The Facebook/Instagram/WhatsApp merger – what’s going on?
On Friday it was announced that Facebook is to merge with Instagram and WhatsApp. After 2018’s data scandal many people, quite rightly, will be questioning Mark Zuckerberg’s latest announcement. What does this mean? Why is he doing it? What are his true motivations?
The truth of the matter
The party line is it is a ‘personal project’ in order to help people communicate directly cross platform. On the surface this makes perfect sense, we’re seeing different demographics using different platforms, each in their own unique ways and this change would help friends and families connect – which was obviously the original purpose of the social network.
However, there is no doubt that this change is also to safeguard the future of the Facebook empire. Facebook holds a vast amount of data which has been one of the biggest factors in its success, building a highly successful advertising platform for brands to reach specific audiences. It was predicted that by 2020, social media advertising spend will overtake TV – and in 2018 we saw in the UK alone, that four fifths of the money spent on social media networks was spent with Facebook. As millennials are migrating to Instagram and other platforms the move to integrate platforms and undoubtedly ‘share data’ will help to protect this advertising revenue.
Another important factor is that new rules and regulations will doubtless come in to play over the next few years. At the moment advertising restrictions are in place, but quite loosely, and there is no specific authority that is responsible for the governing of ‘social media’ in the same way that there is for TV. Ofcom and similar bodies are constantly pushing for strict and formalised regulation and whilst it might take a while it is inevitable. This cohesion of platforms from Facebook is another way to protect themselves, as they would be much harder to break up as a collective.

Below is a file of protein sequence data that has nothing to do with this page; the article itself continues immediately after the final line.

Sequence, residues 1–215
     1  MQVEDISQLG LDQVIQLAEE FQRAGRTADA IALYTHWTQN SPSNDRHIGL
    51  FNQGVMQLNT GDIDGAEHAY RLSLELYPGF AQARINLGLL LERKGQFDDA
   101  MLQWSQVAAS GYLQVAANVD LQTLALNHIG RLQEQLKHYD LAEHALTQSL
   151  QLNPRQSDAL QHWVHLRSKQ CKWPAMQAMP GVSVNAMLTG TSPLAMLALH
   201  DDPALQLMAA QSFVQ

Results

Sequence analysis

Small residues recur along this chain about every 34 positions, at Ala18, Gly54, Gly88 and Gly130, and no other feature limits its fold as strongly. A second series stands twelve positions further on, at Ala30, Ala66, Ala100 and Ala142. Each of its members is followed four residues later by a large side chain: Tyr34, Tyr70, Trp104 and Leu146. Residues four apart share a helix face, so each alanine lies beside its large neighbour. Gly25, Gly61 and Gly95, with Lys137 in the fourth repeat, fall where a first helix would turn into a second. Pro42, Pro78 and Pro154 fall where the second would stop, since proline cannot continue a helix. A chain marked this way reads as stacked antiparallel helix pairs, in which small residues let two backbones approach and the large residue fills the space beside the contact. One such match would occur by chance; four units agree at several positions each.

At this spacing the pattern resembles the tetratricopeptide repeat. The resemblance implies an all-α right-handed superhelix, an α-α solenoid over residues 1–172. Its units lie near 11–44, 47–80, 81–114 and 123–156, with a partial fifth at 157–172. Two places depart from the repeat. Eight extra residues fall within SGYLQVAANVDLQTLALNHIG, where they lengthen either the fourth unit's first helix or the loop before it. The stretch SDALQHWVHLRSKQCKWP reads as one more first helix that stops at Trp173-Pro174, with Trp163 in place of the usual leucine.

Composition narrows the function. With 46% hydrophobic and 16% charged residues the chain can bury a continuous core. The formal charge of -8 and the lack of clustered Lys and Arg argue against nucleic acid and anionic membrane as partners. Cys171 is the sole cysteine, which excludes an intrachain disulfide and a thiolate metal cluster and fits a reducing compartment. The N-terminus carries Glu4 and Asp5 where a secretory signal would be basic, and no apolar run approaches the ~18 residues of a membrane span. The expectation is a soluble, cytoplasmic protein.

What does this mean for brands / advertisers / the industry?
On the surface it won’t affect brands directly, in many ways it may actually help as they’ll have access to richer data that they can leverage across multiple platforms to reach their audiences with relevant content, where they are. Simple, no?
Evolving platforms = evolving strategy
However, streamlining for brands isn’t the motivating factor for Facebook – they’re incredibly smart, they’re constantly evolving and learning from their own (and other brands’ e.g. MySpace’s) mistakes, they’re not going to get left behind or find themselves second best. For example, the move last year to launch and push IGTV was a carefully orchestrated plan to reach younger audiences and take on YouTube – the platform where younger generations are watching hours and hours of long form content that aligns to their interests, from make-up tutorials, gaming, cooking, comedy, pranks…
And it’s clear YouTube see IGTV as a direct contender with reports that they’re offering ‘five and six figure payouts’ to its top tier partners, such as comedian Lilly Singh, to ensure that their best content remains on the platform.
For the industry this is another move by Facebook to ensure they’re aligning with audience behaviours to secure their monopoly and the future of their empire.
For brands and advertisers, this means:
Brands too must put their audiences first
An evolving ‘audience first social strategy’ has never been more important. Brands simply can’t put content on Facebook or any other channel and assume their audience is listening / watching in the same way year on year, they must evolve and adapt. We shouldn’t be recommending that a brand has every single social media channel available to them, unless their audiences are using these channels, they have a clear strategy in place and budget/resource to activate. Putting the audience first and having a clear strategy that constantly evolves is imperative.
By Laura Perry, Head of Social